Originally scheduled for March 13
Testament contains many items of history, one of which is the Book
of Ruth. It’s a love story, which also introduces to us the idea of
the “Kinsman Redeemer.” We are presented with a young lady by the
name of Ruth, a stranger in a strange land. She is of the tribe of
Moab, which is not one of the tribes of Israel. She was married to
an Israelite, and with her mother-in-law Naomi returned to the area
of Bethlehem. She is what my mother would’ve called a “shirttail
relation.” From the context we can also deduce that she is a
somewhat older woman, and of course a widow and an alien — and
therefore someone with very little hope.
male lead in this romance, is introduced to us as a man who is rich,
a pillar of the community, a kindly man given to generosity and a
very devout follower of God. It’s important to note that Boaz
himself has no obligation under the Old Testament law to be of any
assistance to Ruth. He could just wash his hands of whatever he sees
in need and say it’s the other man’s problem. All of these things
are detailed quite carefully in the Old Testament law. To exceed
this would be somewhat unusual. But it is the nature of Boaz that he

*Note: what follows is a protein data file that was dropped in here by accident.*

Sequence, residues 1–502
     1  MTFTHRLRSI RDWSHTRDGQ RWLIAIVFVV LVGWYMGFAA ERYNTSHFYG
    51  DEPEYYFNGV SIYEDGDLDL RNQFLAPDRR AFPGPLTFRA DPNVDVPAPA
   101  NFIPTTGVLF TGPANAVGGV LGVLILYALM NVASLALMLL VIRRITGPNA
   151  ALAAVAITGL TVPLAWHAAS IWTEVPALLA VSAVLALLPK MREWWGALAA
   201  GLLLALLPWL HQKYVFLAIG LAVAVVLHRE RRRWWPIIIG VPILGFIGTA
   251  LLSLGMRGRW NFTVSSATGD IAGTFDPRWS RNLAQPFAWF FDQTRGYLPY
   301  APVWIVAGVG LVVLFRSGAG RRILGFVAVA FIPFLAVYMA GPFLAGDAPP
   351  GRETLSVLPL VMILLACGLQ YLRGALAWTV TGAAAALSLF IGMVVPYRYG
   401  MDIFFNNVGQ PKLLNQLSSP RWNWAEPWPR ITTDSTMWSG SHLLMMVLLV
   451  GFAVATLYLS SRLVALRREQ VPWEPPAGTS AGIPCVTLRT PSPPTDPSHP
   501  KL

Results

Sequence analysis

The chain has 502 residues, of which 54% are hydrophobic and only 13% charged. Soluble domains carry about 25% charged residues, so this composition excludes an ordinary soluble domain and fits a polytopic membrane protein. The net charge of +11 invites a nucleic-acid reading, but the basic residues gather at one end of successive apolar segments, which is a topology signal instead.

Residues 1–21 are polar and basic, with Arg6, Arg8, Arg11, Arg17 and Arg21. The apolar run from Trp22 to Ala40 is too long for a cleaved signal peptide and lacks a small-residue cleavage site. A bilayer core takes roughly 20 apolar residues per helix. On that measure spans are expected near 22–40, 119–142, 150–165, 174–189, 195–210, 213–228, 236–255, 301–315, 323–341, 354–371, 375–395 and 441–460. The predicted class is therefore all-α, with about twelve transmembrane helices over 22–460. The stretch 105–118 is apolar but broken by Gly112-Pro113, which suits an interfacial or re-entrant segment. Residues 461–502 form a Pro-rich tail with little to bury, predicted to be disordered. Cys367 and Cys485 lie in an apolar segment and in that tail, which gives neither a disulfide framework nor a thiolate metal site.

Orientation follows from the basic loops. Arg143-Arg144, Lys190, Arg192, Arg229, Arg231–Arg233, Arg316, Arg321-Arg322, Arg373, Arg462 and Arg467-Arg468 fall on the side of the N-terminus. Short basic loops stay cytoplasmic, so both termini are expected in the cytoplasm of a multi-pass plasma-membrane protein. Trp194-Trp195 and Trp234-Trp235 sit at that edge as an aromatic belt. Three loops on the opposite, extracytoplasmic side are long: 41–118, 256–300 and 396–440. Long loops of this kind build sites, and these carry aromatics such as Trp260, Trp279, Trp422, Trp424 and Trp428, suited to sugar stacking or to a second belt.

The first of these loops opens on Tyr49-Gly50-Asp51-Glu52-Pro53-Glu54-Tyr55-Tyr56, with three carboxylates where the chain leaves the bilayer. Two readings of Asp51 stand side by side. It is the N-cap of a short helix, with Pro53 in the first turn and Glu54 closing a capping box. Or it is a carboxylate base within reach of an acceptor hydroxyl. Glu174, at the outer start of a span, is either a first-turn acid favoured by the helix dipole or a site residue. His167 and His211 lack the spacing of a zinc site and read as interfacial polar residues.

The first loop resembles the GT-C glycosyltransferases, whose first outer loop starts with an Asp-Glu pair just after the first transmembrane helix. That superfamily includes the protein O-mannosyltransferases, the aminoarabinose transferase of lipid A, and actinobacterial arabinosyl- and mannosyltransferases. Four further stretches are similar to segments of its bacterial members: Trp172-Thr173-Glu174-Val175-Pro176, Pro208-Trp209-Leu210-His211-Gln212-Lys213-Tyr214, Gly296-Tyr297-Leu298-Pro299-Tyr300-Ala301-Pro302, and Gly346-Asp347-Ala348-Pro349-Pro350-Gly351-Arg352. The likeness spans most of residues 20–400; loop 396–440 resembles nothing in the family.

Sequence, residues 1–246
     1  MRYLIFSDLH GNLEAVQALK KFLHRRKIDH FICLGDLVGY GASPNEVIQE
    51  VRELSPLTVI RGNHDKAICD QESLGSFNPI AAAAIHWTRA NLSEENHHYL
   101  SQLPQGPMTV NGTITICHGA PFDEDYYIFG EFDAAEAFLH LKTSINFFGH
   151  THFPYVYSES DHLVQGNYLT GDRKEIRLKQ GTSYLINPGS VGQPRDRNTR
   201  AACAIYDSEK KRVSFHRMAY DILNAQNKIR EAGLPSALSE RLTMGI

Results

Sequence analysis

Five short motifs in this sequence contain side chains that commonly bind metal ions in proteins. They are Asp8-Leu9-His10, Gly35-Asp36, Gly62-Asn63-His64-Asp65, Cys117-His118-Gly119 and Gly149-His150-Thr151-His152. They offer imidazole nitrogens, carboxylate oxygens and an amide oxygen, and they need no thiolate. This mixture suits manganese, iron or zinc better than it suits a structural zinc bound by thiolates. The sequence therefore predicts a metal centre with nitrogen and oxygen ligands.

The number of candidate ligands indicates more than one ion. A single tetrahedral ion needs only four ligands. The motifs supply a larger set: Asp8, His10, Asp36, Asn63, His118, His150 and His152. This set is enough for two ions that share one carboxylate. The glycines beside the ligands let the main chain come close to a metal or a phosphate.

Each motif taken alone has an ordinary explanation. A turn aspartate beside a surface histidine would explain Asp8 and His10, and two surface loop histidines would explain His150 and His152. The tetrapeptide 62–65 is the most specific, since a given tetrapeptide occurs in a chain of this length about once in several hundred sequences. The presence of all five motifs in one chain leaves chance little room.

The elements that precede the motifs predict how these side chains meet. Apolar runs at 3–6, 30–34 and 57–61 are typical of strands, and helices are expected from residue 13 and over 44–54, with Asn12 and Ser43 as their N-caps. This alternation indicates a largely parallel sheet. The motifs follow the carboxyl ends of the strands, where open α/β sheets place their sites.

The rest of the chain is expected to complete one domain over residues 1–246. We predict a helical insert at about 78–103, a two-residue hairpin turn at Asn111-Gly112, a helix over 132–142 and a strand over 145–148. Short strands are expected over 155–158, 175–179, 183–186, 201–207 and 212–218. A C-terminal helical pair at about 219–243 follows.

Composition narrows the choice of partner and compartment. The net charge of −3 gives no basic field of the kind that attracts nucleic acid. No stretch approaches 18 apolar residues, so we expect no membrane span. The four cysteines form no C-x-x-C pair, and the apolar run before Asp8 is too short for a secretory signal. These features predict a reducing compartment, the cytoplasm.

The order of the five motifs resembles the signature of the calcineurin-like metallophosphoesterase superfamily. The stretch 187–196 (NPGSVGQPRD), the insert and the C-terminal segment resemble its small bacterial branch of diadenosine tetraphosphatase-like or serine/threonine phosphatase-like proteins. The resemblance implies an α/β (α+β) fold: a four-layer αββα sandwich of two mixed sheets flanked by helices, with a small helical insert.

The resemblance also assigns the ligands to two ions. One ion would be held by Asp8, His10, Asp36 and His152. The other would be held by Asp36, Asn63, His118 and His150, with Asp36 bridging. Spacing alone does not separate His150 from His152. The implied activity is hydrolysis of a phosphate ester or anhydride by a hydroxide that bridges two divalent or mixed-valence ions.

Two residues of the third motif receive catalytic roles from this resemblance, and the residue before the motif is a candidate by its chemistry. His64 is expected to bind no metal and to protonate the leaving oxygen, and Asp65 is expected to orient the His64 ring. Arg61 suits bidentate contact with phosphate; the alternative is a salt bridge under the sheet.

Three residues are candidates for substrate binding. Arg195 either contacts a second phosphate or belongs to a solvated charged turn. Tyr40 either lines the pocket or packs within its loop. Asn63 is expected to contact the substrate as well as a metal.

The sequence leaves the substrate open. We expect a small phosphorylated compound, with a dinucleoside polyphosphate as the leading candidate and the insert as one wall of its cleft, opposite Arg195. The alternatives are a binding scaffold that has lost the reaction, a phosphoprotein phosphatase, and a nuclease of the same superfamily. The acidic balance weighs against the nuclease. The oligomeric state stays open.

does not skimp when he tries to help. So he goes to the man who is
first in line and asks him to do what is required under the law. The
man cannot afford to do it; he therefore passes the privilege on to
therefore becomes what is known as the “Kinsman Redeemer.” The
actual details are rather technical, having to do with sale of land
in Israel. But the short of it is that Boaz rescues her from her
poverty and marries her at the same time. We are not told, but we
must assume that they lived happily ever after.
The story is
given to us as a model. We, collectively, are like Ruth. We have no
real claim upon the Lord God Almighty; we’re not even in the family.
We have no standing on which we can claim his help as a matter of
right. But out of God’s great love for us he sent his son, our
“kinsman Redeemer,” to rescue us. He was not obligated to do this;
he did it out of love. We, like Ruth, are under the wings of God
Almighty, seeking refuge.
was granted to us at the Cross. Christ asked that we remember the
sacrifice he made for us. So we find in the bread, which represents
his body and the cup which represents his blood a simple picture of
the sacrifice he made. Like many things simple, it is also profound:
a picture of what he has done for us.